4 x 4 Australia



EVERY year there are horror tales of people ‘doing a perish’ in the outback due to vehicle breakdowns, and others who get lost and are never seen again. There are tales and legends out there of alien abduction, murder, robbery and more, and some have enough evidence to be true.

I know a bloke who lives alone in the bush in the ruins of an old pub. He ‘sees’ things that roam the skies and, while he has not been ‘probed’ yet, he fears it will happen soon. However, when people vanish in the wilderness it is because nature is a good cleaner.

Decades ago, I was involved in a search for a bloke who walked in to the bush near Kajabbi, north of Mount Isa. He was full of good spirits – some say it was Bundy rum. We searched for long days before I was drawn by circling whistling kites, hawks and cawing crows. There were only a few bones and a skull, 200m away from the bones. The birds, dingoes and pigs had done a good job, and had it been a day later the telltale birds would not have been there as the bones would have been picked clean.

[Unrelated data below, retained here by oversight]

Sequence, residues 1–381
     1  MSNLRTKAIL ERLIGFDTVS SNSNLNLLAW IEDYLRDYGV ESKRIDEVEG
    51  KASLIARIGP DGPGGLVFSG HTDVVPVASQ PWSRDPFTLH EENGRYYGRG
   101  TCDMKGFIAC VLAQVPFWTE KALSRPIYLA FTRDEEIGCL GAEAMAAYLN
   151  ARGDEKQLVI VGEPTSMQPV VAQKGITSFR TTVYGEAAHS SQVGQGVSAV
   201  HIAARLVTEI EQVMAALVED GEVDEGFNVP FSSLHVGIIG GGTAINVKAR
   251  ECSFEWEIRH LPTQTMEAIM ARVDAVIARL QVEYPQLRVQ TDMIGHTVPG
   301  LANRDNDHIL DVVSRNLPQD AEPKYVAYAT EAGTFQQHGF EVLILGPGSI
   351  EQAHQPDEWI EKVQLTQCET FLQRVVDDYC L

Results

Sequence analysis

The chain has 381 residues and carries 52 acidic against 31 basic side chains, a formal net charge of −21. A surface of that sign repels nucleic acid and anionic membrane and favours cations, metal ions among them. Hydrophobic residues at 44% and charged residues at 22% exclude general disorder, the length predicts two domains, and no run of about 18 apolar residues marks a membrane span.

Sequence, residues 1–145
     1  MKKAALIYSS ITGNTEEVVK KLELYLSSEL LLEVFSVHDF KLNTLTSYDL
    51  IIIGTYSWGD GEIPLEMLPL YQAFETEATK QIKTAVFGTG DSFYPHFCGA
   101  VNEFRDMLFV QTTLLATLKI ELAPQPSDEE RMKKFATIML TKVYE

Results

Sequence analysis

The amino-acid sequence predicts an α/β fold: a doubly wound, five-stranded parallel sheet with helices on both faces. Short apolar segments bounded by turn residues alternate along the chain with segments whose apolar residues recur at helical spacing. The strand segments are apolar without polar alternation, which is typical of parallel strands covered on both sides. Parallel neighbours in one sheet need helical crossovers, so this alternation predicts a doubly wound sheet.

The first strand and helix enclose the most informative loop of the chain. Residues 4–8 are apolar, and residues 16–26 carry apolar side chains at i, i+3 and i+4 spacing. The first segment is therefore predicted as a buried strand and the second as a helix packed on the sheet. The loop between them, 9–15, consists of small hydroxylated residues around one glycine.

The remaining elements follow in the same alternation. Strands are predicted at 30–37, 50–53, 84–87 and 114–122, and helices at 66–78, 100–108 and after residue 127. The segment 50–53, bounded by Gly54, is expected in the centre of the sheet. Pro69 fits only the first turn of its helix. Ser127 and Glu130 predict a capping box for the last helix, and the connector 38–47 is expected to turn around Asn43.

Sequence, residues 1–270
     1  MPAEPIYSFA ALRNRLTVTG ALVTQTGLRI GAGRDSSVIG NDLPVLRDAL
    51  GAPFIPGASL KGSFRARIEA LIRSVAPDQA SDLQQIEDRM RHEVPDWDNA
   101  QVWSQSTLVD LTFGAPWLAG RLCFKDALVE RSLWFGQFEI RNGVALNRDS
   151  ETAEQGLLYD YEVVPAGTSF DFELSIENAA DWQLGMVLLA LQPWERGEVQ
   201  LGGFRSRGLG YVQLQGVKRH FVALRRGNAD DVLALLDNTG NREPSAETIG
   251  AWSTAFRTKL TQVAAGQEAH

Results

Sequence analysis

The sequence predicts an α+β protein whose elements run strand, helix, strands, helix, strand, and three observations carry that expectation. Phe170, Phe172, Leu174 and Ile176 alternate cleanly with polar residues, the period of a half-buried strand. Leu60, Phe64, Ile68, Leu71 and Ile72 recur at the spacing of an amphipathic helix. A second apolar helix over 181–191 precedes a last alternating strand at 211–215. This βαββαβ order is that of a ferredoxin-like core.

On a separate occasion, a couple of station hands on a large Georgina River property, south of Camooweal, headed out to do a bore check early in the day. The vehicle broke down 15km from the homestead. With no water or radio, they walked home in the 45°C heat and never made it, the unforgivin­g outback adding to its tally. The lesson here is to carry water and communicat­ion tools, and to stay with the vehicle as it’s much easier to find than a person.

The same happened to German tourists west of Alice Springs some years back. Had they stayed with their vehicle, they would have survived the wilds. More recently, a family of Aborigines did that and were alive and well when found days after they were reported missing.

So, always let someone know your intentions and expected return when heading bush.

 ?? ?? Victims of Cahills Crossing on the East Alligator River.
Victims of Cahills Crossing on the East Alligator River.
 ?? ??

Newspapers in English

Newspapers from Australia